Research additional graduate and professional school financial resources using the following websites:
- Fastweb: national scholarship database designed to simplify the scholarship search
- ProFellow: database outlining fellowships and funding award programs
- Finaid: guide for information on financial aid for college
- Scholarships: resource to help find college scholarships
- College Board Scholarship Search: database of over 6,000 college scholarship programs
- California Student Aid Commission: state agency responsible for administering financial aid programs
- Gates Millenium Scholars: program that provides resources for minority students with significant financial need
- 100 Minority Scholarship Gateway List: overview of scholarships available to minority students
Application policies vary among institutions and even departments within the same institutions. Make sure you have obtained the most recent information from schools to which you are applying. You may be required to supply the following in order to be considered for admission to a graduate program:
Be sure that each application you submit is complete, accurate and on time.
An official transcript from the Registrar's office must be sent directly from the institutions you have attended to the schools to which you are applying. Contact the CSULB Registrar’s Office for more information about how to send your transcripts.
Statement of Purpose/Personal Statement
The statement of purpose/personal statement shows the admissions committee how you think and your writing ability. Your goal in writing a statement of purpose is to create a portrait that is both persuasive and personal. It should be a concise, well-written essay about your background, knowledge of the field and your reasons for pursuing graduate study in the field or profession you have chosen. The statement of purpose/personal statement is different for every program, so make sure to follow the prompt. For assistance with your personal statement and graduate school application process, contact the CSULB Graduate Center.
Schools will designate which qualifying examinations are required for your chosen discipline. The CSULB College of Professional & International Education (CPIE) offers graduate entrance exam preparation courses. More specifically, CPIE offers GMAT and GRE prep courses. The Graduate Center offers GRE preparation courses for CSULB students three times a year. Additionally, the Graduate Center has compiled a list of the most common graduate school entrance exams with links to each website. Do note, many entrance exams offer fee waivers to eligible students. You will find this information on each of the entrance exams websites. If you need assistance with preparing for the exams, academic coaches at the CSULB Learning Center can meet with you to discuss strategies.
These are the most common entrance exams for graduate and professional schools:
- Graduate Records Exam (GRE)
- Graduate Management Admission Test (GMAT)
- Law School Admission Test (LSAT)
- Medical College Admission Test (MCAT)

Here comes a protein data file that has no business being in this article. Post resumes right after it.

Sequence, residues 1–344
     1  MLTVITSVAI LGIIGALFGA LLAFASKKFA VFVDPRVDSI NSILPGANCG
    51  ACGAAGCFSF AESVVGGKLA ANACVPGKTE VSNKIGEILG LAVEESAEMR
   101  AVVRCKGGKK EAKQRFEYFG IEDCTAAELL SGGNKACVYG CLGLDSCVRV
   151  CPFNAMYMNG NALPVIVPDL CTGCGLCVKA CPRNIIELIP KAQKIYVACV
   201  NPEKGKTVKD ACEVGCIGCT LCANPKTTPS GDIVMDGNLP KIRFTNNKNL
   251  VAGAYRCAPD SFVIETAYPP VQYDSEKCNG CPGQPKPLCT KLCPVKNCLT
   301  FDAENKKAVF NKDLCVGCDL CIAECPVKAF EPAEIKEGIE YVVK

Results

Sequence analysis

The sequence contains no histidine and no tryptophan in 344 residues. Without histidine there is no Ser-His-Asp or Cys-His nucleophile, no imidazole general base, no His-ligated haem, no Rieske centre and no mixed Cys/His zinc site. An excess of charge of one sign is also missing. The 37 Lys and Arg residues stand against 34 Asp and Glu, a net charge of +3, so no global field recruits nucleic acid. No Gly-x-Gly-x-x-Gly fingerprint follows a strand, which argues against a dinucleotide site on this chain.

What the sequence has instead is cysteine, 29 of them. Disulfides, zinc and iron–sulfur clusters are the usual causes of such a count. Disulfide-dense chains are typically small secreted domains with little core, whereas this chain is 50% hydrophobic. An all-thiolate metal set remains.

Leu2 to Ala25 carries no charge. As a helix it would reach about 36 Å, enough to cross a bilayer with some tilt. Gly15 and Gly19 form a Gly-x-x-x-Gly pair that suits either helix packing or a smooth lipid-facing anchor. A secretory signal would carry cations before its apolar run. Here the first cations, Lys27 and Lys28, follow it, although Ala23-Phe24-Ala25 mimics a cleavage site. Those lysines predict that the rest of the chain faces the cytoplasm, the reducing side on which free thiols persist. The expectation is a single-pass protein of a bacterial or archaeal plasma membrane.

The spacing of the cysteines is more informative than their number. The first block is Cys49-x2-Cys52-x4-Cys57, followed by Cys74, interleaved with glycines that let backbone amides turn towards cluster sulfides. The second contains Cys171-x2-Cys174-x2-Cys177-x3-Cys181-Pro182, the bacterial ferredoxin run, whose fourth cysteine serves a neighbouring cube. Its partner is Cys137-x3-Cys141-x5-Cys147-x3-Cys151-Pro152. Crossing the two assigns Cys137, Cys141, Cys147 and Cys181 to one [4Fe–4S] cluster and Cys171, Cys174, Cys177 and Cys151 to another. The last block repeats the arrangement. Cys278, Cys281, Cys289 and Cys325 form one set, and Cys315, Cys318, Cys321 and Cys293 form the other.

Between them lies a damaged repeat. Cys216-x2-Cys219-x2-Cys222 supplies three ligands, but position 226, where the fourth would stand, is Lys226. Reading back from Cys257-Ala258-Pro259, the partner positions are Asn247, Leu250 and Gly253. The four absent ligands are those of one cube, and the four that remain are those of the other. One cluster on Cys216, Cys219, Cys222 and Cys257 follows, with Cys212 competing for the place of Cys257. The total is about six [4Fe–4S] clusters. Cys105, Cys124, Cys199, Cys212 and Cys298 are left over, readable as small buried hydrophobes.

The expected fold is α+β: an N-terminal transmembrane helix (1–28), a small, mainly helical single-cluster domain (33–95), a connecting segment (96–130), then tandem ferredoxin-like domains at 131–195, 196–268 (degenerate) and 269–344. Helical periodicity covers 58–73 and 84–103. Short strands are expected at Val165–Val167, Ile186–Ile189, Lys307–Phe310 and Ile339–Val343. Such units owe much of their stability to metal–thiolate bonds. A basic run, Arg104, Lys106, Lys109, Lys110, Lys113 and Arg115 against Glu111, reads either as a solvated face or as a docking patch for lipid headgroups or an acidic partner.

- Miller Analogies Test (MAT)
- Dental Admission Test (DAT)
- Optometry Admission Test (OAT)
- Pharmacy College Admission Test (PCAT)
- Teacher Testing (PRAXIS)
Plan to take the appropriate entrance examination during your junior year or at the latest during the fall of your senior year if you plan to go to graduate school immediately after college.
Letters of Recommendation
Most graduate programs will require three to four letters of recommendation. The letters are supposed to vouch for your undergraduate preparation, ability to study at the graduate level and commitment to the proposed field of study. The individuals you ask to write your recommendations can impact how you are perceived as an applicant.
Your best choices for recommenders are:
- Undergraduate major professors
- Other professors
- Teacher’s Assistants (TAs)
Provide your recommenders with a resume of your professional goals and academic background. For more information about letters of recommendation and the graduate school application process, contact the CSULB Graduate Center.
Writing Samples, Tapes, Portfolios (ePortfolio) and Auditions
These items may be requested for consideration to enter specific programs (e.g. fine arts, design, film, music or architecture). Be prepared to submit any additional information that is requested to enhance your opportunity for acceptance.
Each application must be accompanied by a fee. Include a check or money order for the required application fee.
An interview may be required before admission is granted. In addition to being an important factor in gaining admission, it provides you with the opportunity to assess the program. Access interview preparation resources on the CDC Interviewing page.
The resources below can assist you in your research and preparation for graduate or professional school:
- Graduate Center: centralized source of support and information for CSULB students applying to or currently enrolled in graduate programs
- Health Professions Advising Office: serves CSULB students pursuing health professions requiring graduate or professional degrees
- CSULB Graduate Programs: list of graduate programs available at CSULB